1 The Robie House

Completed in 1910, this Chicago home, built by Wright in the Prairie style, is a striking forerunner of Modernist architecture.

2 GUEST HOUSE Linked to the main house by a curving path are a guest house, where the Kaufmanns’ servants lived, and a car port. Built two years after Fallingwater, these were constructed to the same specifications and with similar materials. Wright made sure that water such an important presence in the main house was also a feature of the guest house by incorporating a swimming pool, fed by a spring, which overflowed into the river.

Visual tour: interior

4 LIVING ROOM The huge living room shimmers with light from the wide row of windows running along its southern side. When opened, these let in the sound of the waterfall below. The natural stone-flagged floor and exposed stone walls harmonize with the rocks outside, while the plain ceiling is a neutral off-white in color. The living room is large enough to contain several groups of seats one by the windows, another near the hearth (to the right in the photograph), and a seating area in a music alcove.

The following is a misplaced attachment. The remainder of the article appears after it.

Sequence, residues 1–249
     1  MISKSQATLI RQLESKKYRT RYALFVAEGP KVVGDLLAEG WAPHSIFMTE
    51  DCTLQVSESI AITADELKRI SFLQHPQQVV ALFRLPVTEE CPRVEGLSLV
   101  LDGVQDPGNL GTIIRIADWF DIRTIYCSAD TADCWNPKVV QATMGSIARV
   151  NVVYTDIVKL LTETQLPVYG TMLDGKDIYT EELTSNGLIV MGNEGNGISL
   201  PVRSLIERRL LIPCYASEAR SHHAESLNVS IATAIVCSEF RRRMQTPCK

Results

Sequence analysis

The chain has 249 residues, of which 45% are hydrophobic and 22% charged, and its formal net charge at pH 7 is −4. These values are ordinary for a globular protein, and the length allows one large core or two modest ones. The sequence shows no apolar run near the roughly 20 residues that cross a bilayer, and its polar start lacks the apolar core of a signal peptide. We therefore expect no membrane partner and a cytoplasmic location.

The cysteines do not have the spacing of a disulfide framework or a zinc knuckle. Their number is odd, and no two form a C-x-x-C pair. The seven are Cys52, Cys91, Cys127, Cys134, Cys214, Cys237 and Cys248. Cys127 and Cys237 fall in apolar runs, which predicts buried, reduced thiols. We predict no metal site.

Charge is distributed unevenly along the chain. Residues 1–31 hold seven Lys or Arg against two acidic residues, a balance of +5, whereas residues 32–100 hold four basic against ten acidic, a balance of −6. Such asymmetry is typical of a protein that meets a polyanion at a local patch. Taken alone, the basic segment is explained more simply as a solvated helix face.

3 DINING AREA Above the dining table, which is set at one end of the large living room, rises a stone pillar punctuated by a series of red wooden shelves, their curved ends reminiscent of the Art Deco style popular during the 1930s. The tone of the interior is set mainly by the abundant use of natural materials, particularly the rugged stone of both the wall and the stairs that lead up to the next floor.

2 HEARTH AND KETTLE For Wright the hearth was the vital, living center of any house, providing physical warmth and light as well as emotional sustenance. The hearth at Fallingwater is set on a natural stone. Above it hangs a large spherical kettle for making warm drinks. It could be swung over to one side when not in use so the Kaufmanns could feel the full heat of the log fire.